Audio Review


Again, I don't have the original release to compare to, but this appears to be the same Dolby TrueHD 5.1 track (offered in English, French, and Portuguese). Spanish and Thai Dolby Digital 5.1 options are also included, along with an extensive selection of subtitles. While not quite as enveloping as I would have liked, the mix offers some decent thrills.

Dialogue is full and prioritized nicely. The front soundstage is quite lively with strong directionality and natural imaging, giving the movie a spacious soundfield. Surround activity is decent, offering various music cues and occasional, but not very immersive ambiance. Action scenes are a bit more impressive in this regard, but still don't offer the amount of immersion one might expect. On the plus side, bass activity can be very deep and aggressive (that Noisy Cricket really packs a punch) and the film features a fun assortment of creative effects. From alien roars to splattering bugs and blasting rockets, everything comes through with a pleasing level of fidelity. Dynamic range is good but not quite as wide as contemporary action films.

Much like the video, the audio mix holds up well enough, yet can't compare to contemporary releases. It's punchy and loud when it needs to be, and Danny Elfman's fun score comes through strongly, but the track lacks some nuance and a truly encompassing feel.

Special Features


All of the previous supplements from the 2008 release (which were all carried over from the DVD) are included here in standard definition. Subtitles on the video-based material are available in English, French, Spanish, Portuguese, Chinese, Korean and Thai.

  • Telestrater Commentary with Barry Sonnenfeld and Tommy Lee Jones - The first of two tracks is a "Telestrater Commentary" with director Barry Sonnenfeld and star Tommy Lee Jones. An interesting artifact of early DVD technology, Sonnenfeld narrates while using a sort of light pen to "draw" simple shapes live on the screen. It's kind of a fun little gimmick for a while, as Sonnenfeld points out various actors and objects he's discussing (Jones is largely silent through the track). Unfortunately, the Telestrater aspect ultimately doesn't add much to the overall track, though on its own terms, at least this is still a fine enough audio commentary.
  • Audio Commentary with Barry Sonnenfeld and Tommy Lee Jones - An audio only version of the Telestrater commentary is included.
  • Technical Commentary with Barry Sonnenfeld, Rick Baker, and the Industrial Light and Magic team - A second "Technical Commentary" is also included, with Sonnenfeld, effects guru Rick Baker, and ILM team members Eric Brevig, John Andrew Berton and Rob Coleman. It's exactly as its name specifies, and oddly, given the effects-heavy nature of the track, here is when the Telestrater might have actually come in more handy. In any case, this is geek-heaven, so if you're at all into effects and CGI, this is an interesting look at the technology just as it was hitting its stride in the late '90s.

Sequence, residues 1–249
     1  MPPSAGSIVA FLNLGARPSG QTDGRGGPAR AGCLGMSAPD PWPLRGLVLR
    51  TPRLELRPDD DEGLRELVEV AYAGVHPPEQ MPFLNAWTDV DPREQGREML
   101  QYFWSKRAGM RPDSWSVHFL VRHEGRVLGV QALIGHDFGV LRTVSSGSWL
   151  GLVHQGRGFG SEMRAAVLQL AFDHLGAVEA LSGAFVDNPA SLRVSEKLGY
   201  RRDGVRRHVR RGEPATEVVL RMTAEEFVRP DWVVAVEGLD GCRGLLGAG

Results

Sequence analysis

• Metamorphosis Of MIB (SD, 23 min) - Created for the previous DVD, this straight forward mini-doc includes interviews with Sonnenfeld, Jones, Will Smith and Baker, amongst a few other crew. It's a fairly decent overview of the basics of the shoot, with a particularly emphasis on the special effects. It's far too slim to really count as a great, thorough making-of.
  • Original Featurette (SD, 7 min) - This short fluff piece is just an extended commercial. Skippable.
  • Extended and Alternate Scenes (SD, 4 min) - Five scenes are included, and some are in rough form, particularly one called "Bouncing Ball" that is sans any CGI or effects. As most of the other scenes are just extensions, it's not all that substantial.
  • Visual Effects Scene Deconstructions (SD) - Two scenes and a director's introduction are included. Each deconstruction enables viewers to toggle between the various stages of effects work, showcasing the numerous production steps from bluescreen to the final composite. An optional audio commentary with the filmmakers is also available for each scene.
  • Character Animation Studies (SD) - Here viewer's can toggle between clips that show off the various stages of the CG animation process, showcasing the specific production steps for three characters. A director's introduction is also included.
  • Creatures: Concept to Completion (SD) - A morphing gallery is provided for five different creatures, highlighting their evolution from design to completion.
  • Scene Editing Workshop (SD) - Here, you can be your own 'MIB' editor and reconstruct three different scenes from the film. Sonnenfeld is our tour guide, and you can perfect each scene from three shots, which you can arrange in any order you like. Response time during playback of your finished scene is fine, but this is really basic and obviously created for the DVD.
  • Galleries (SD) - Three galleries are included: Storyboards, Conceptual Art, and Production Photos. Each section has several more subcategories, offering an extensive assortment of images.
  • Storyboard Comparisons (SD) - A split screen storyboard/final scene comparison is provided for three different sequences.
  • Music Video (SD) - A video for the Will Smith title tune is included.
  • Trailers (HD) - Wrapping it up are two high-def spots for 'Men in Black,' including the film's original theatrical teaser and full theatrical trailer.

Final Thoughts

Though it still offers some marginal entertainment value, 'Men in Black' hasn't aged particularly well. Smith and Jones' chemistry is great, but the pacing is rushed, the jokes are stale, and the plot is just too thin. This "new" Blu-ray release from Sony appears to be a simple repackaging of the original 2008 disc. The video and audio quality both hold up well enough, but aren't as impressive as they were four years ago. There's a nice assortment of supplements but the heavy focus on special effects material can get a bit repetitive. As far as I can tell, the only new addition here is an UltraViolet digital copy and a movie ticket coupon. Fans of the film who don't already own the original Blu-ray should definitely consider picking this up, but for those who already have that earlier disc, unless you really must have a digital copy, there is absolutely no reason to double dip.